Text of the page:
After reading Sara Alva's "Social Skills," I was eager to read "Pura Vida" and was not disappointed in the least. "Pura Vida" is comparatively short, less than 100 pages, but in that span, Alva manages to create the vivid landscape of Costa Rica and create a rich story of Simon, who is dealing with being forced into an open relationship over the summer, and Juan, a local guy who protects turtles and makes an immediate impression on Simon.
Things start off rocky when Simon accidentally scares some turtles and Juan comes to stop him, but soon Simon is swept up in a whirlwind of heated frenzy through various hookups with Juan. This should feel good, doing exactly what Leo is doing, but he can't help but keep his heart out of it and soon he's questioning if there's more to this relationship, if Juan feels there is. I thought the progression with these two characters was well paced and believable, and Juan's snarkiness gave way for some really tender moments between them.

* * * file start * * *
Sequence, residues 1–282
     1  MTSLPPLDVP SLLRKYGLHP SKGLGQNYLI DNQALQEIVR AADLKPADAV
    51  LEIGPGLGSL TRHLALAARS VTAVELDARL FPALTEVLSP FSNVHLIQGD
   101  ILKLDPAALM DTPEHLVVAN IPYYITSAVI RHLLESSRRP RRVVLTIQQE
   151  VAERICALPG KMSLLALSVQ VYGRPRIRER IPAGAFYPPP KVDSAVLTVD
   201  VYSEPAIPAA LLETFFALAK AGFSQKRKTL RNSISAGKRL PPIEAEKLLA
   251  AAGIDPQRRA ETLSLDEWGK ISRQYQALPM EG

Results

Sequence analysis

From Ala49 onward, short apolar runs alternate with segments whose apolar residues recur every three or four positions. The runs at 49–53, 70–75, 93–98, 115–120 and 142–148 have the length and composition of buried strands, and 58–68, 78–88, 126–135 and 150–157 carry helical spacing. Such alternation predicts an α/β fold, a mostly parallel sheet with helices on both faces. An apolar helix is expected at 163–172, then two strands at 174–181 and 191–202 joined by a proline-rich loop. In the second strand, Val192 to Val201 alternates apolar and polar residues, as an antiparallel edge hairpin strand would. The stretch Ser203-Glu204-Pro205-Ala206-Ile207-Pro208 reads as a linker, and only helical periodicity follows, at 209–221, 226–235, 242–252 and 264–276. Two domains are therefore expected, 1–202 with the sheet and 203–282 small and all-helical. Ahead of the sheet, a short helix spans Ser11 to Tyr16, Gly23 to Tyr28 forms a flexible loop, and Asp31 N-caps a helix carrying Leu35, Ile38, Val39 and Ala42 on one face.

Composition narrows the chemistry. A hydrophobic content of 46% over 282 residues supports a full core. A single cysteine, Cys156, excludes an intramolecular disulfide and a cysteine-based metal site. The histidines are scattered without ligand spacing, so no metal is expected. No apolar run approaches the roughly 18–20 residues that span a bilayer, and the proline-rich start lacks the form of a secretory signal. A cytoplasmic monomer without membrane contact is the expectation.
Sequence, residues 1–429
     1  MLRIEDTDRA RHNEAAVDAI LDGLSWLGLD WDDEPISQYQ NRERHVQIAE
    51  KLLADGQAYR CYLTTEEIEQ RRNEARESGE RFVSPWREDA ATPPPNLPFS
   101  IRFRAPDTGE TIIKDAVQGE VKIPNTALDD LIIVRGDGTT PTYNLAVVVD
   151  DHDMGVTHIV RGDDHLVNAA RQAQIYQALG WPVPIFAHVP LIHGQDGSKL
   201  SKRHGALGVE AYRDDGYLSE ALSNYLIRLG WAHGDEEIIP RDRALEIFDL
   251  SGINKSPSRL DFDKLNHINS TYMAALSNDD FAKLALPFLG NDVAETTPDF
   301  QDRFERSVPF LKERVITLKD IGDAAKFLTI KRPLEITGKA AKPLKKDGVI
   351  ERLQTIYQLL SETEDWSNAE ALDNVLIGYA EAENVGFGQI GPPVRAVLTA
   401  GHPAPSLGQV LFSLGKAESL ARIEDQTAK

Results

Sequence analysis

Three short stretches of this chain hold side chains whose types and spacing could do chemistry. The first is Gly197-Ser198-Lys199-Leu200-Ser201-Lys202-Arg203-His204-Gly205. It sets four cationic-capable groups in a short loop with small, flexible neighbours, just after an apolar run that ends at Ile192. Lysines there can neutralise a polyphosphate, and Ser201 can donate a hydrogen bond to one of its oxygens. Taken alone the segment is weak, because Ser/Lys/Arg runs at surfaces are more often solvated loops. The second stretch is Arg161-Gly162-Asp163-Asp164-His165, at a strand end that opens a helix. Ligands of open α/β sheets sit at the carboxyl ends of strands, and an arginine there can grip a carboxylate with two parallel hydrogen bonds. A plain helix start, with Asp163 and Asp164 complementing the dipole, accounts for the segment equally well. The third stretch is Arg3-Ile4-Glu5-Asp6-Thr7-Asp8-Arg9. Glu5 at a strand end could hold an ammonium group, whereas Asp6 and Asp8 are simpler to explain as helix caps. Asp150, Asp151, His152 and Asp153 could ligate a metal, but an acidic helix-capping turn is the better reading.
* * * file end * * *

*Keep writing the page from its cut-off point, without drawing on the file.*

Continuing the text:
Also intertwined in the story is Simon's father, who isn't completely comfortable with his son being gay, but he's getting there. I really liked the way Alva threaded that aspect into the story as well, as it gave Simon's world a little more dimension and made him more relatable. And the marine life and cultural differenes, although simply worked in, gave the story a spin that made it stand out from various other gay YA novels.
Simon's final days in Costa Rica, in the final chapter (not the epilogue) surprised me and the epilogue satisfied me. I was impressed that Alva was able to wrap up the narrative so tightly in a way that felt realistic for these characters and their circumstances.
Having read two of Alva's works, I'm even more eager to read "Silent." Alva has mastered this craft wonderfully and emphatically recommend her works to anyone!